BRISTOL, R.I. – Just six months after a team of students from Roger Williams University presented their findings from an economic feasibility study to transform a historic Naval Armory on Bristol Harbor into a welcome center for visiting boaters, Sen. Jack Reed (D-R.I.) announced an $861,000 Boating Infrastructure Grant from the U.S. Fish and Wildlife Service that will bring the Bristol Maritime Welcome Center to life and boost the local economy.
Citing the collaborative efforts of the Town of Bristol, the Department of Environmental Management and Roger Williams University, Reed noted that Bristol was one of just six recipients of the federal grant nationwide. The Boating Infrastructure Grant is a nationally competitive funding program that awards funds to states specifically seeking to enhance their waterfront accommodations for transient boaters. In addition to building 16 new moorings and a dinghy dock for eligible boaters, the maritime center will include laundry facilities, restrooms with showers, social spaces and information about downtown shops and restaurants.
“All of this is going to improve the quality of maritime service here in Bristol,” Reed said. “This is going to be something we’re going to look back on as a real boost to the economy in Bristol, and all of Narragansett Bay and Rhode Island.”
Access to the ocean via the bay is a critical component of the state’s economic viability, from generating jobs and income to serving as a reflection of the quality of life, Reed said. With this maritime center, Director of Environmental Management Director Janet Coit – whose team at the DEM worked in tandem with the Town of Bristol to facilitate the grant application – said she is confident that Bristol will become a buzzed-about destination.
“Investing in these types of local projects is what puts you on the map,” Coit said. “It’s high leverage, it’s a big multiplier – you’ll have transient boaters coming to join this place. As a destination, you will find that this boating center will attract people who will come back many times and tell people about it.”
Helping to facilitate economic growth in local communities is an undercurrent of the Community Partnerships Center at RWU, and emerged as a key indicator of the feasibility study conducted by students from the Mario J. Gabelli School of Business alongside students from the architecture and construction management programs. Sen. Reed directly referenced the study in his announcement, citing the potential for an annual economic impact of $700,000 when the harbor is fully utilized.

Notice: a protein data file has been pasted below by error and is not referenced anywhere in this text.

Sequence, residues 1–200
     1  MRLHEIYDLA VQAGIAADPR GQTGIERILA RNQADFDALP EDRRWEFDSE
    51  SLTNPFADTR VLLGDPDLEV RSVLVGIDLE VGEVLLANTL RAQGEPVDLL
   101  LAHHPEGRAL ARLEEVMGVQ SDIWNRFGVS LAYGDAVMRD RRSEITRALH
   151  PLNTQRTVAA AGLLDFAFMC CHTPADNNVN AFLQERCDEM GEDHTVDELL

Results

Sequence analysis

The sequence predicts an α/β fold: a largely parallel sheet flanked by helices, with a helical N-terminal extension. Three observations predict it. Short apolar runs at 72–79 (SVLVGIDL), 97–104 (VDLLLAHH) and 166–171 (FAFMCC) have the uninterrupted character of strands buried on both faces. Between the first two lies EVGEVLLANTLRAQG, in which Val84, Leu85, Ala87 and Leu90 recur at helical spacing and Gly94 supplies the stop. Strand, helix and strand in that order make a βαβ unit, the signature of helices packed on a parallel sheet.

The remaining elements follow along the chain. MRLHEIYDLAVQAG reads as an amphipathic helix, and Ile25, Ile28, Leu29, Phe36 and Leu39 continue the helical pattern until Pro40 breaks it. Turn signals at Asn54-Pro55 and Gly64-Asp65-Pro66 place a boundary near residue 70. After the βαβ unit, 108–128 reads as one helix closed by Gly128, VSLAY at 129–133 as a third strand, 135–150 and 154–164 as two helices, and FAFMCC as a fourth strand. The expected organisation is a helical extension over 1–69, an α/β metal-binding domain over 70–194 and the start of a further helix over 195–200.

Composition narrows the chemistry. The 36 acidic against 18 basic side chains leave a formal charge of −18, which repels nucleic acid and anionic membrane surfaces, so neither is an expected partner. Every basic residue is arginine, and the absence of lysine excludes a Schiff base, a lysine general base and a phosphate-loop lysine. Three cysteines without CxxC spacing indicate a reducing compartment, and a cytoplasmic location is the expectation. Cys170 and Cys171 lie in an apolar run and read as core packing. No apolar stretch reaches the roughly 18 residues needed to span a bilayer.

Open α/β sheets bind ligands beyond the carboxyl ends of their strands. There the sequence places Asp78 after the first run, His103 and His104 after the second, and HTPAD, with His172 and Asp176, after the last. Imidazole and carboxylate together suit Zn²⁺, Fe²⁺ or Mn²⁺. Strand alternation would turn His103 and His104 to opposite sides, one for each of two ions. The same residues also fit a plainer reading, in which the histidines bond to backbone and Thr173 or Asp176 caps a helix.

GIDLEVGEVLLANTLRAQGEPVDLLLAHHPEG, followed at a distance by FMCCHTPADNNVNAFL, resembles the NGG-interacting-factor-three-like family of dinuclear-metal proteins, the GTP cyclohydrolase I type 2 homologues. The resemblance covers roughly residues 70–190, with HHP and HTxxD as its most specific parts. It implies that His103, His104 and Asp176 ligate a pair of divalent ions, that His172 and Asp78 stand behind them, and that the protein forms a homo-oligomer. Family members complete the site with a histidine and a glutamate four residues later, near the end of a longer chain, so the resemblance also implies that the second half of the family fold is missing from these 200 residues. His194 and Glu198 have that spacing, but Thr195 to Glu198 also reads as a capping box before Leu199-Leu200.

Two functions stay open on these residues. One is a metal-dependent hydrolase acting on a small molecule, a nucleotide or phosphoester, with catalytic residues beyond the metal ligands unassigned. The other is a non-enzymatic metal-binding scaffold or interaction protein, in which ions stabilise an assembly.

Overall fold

The cross-disciplinary demographic of the RWU research team, working under the advisement of faculty members Hank Kniskern and John McQuilken, was critical to producing a thorough report and providing rich materials for the DEM grant team to include in the application, said CPC Director Arnold Robinson. In addition to benefitting the town and the state, however, Robinson pointed out what he considers a veritable edge for the students who worked on this project entering the workforce:
“Think about these students walking into a job interview,” he asked the audience. “Students from other schools are going to say, ‘Here was my project from Accounting 401.’ These guys are going to walk in and say, ‘Here’s a picture of me with Sen. Reed at the announcement of the grant my team got, which was over three-quarters of a million dollars.’ Who is going to get the job?”
It’s a win-win, Robinson said: the once-hypothetical project becomes reality and the students take away practical experience.
Senator Reed echoed Robinson’s remarks in his kudos to the University and the work the CPC has done for more than 50 community projects in just two years:
“One of the things about Roger Williams University is that President Farish has committed himself not only to this particular community, but also to making college affordable and making the experience very practical – that students will not graduate from Roger Williams without being engaged in a real world project that helps make things happen.”